Friday, 21 January 2011

Why the 'Dalglish effect' is bringing Liverpool FC together

Desperately seeking to occupy a sofa in each hour of the day as all good students should, I found myself watching LFC TV in the final hours of Wednesday night. A tempting trip to the fridge was narrowly defeated by the chance to watch Lucas’ 60 minute interview with Claire Rourke.

The interview was an interesting one. In a sport littered with foreign youngsters who prematurely believe that they have made it, Lucas’ attitude towards training and his personal development was refreshing. Whilst attempting to learn English, the Brazilian was forced to stop reading newspapers due to the criticism that his presence in the team received. Having seen a great deal of progression since those days, it was impossible not to feel happy for a timid youngster who has turned into a fiercely determined, yet impeccably polite man. Lucas’ performance in the interview was impressive and when next repeated, I suggest it is a must for all Liverpool fans.

However, one part of the show stands out above any other. When asked by Rourke - relaying a viewer’s email to her guest – which Liverpool player from the club’s esteemed past he would like to play alongside in the current team, Lucas took a moment to sink into deep thought. Suddenly a smile broke across his face and he uttered two words - Kenny Dalglish.

Lucas’s interview was recorded in 2010, before any suggestion of King Kenny’s return had built any serious momentum. Looking back, however, Lucas’ reaction explains the renewed optimism that is surrounding the club. Whilst opposition fans (and some pundits, if we should credit them with the term) are poking fun at Dalglish’s return and as yet, modest results, Liverpool fans have been taken in by the knowledge that their club is in safe hands once more. As a football fan, there is no better feeling than the knowledge that from board room to boot room, everybody is striving to achieve the same thing.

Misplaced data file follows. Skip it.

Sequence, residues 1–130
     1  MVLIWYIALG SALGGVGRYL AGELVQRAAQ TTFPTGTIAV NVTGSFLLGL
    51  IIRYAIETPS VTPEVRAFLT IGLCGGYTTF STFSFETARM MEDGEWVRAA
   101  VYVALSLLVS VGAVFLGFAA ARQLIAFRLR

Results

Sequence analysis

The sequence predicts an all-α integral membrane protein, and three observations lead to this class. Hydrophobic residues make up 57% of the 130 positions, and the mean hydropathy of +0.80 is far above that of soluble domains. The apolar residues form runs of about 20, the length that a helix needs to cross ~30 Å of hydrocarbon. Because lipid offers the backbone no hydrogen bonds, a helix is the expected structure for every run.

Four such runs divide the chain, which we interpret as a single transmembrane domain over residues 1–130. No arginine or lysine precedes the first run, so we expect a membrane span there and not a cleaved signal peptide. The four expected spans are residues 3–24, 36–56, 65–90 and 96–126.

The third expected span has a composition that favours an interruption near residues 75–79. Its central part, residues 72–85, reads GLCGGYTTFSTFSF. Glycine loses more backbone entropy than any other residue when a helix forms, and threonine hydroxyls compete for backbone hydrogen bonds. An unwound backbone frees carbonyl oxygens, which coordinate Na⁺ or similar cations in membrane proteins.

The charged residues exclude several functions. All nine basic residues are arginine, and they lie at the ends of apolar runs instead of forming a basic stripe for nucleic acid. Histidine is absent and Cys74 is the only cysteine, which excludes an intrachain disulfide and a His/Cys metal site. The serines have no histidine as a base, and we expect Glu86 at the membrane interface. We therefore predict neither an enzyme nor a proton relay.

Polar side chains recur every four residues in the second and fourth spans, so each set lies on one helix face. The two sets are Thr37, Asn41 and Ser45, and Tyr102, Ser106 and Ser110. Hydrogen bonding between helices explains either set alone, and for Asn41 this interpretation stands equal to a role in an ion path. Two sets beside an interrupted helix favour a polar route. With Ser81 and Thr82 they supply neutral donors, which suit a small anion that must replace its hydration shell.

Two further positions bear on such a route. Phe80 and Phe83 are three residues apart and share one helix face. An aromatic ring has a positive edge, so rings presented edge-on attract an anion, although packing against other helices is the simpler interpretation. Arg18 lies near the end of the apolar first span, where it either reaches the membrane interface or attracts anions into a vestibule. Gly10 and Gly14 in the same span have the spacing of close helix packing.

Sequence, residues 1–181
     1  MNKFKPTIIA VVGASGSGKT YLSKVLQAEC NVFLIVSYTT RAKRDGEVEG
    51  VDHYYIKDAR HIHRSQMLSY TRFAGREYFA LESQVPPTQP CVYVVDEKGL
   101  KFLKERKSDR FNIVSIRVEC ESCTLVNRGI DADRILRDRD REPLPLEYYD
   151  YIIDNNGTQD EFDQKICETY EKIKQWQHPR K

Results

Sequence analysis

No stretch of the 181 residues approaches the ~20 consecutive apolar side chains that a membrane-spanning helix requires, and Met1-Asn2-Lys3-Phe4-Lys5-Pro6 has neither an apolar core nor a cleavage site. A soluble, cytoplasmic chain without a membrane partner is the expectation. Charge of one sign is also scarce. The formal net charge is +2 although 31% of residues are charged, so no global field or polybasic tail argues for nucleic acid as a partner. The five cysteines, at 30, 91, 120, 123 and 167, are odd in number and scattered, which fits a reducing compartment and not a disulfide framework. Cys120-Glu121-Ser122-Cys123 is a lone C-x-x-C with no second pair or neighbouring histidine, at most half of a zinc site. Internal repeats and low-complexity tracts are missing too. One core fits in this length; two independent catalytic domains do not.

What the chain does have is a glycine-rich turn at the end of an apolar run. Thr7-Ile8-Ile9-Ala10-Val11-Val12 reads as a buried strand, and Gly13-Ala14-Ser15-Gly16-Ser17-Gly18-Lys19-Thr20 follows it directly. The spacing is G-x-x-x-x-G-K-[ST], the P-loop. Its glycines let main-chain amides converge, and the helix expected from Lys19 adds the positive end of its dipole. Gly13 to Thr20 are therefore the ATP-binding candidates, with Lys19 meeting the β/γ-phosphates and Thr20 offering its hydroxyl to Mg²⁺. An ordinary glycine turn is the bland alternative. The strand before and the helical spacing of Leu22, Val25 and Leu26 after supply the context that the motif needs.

Whilst Dalglish’s results are not yet impeccable, it would have been foolish to expect an instant turnaround. Crucially, Dalglish has excelled in the areas that many critics will have missed. Although we are only approaching the fortnight marker in Dalglish’s new era, it is hard to deny that the football club has been united by the change of manager.

A glance at Twitter showed the regard in which Dalglish is held. Some foolishly suggested that the foreign players may not have heard of him but were swiftly put in their place. Ryan Babel referred to ‘the King’ whilst the excitement of the numerous young players on the networking site spoke volumes.

If the younger players on Liverpool’s books had felt distanced from the first team previously, they should appreciate the change of mentality under Dalglish. Earlier in the week, the manager spoke to everybody involved in the academy, from players to staff, to assure them that Liverpool was to be a cohesive unit from top to bottom. Although progression to the first team will require quality, the glass ceiling that has been strengthening over recent years has been shattered by Dalglish’s return.

Dalglish is not a man who goes back on his word. His encouragement for the academy has been reinforced by his appearance in the dugout at a youth team friendly in midweek and his personal touch. Every player at the academy can rest assured that the manager knows their name, qualities and will watch them first hand whenever possible. The first team remains the Holy Grail for every youngster but it looks set to become a more accessible target.

Suso and Conor Coady have been the first recipients of Dalglish’s personal touch. The policy of allowing promising youngsters to join the first team at Melwood for several days has been in force since Rafael Benitez’s days. The impromptu car sharing offer from the manager himself is something a little different. Both youngsters have been testing themselves against the club’s finest and are likely to travel with the squad to Wolverhampton on Saturday in order to sample the away day experience. Every player speaks warmly of their first day of training with the first team squad when they look back on their career and Dalglish has ensured that for these two talented players, their accounts will be no different.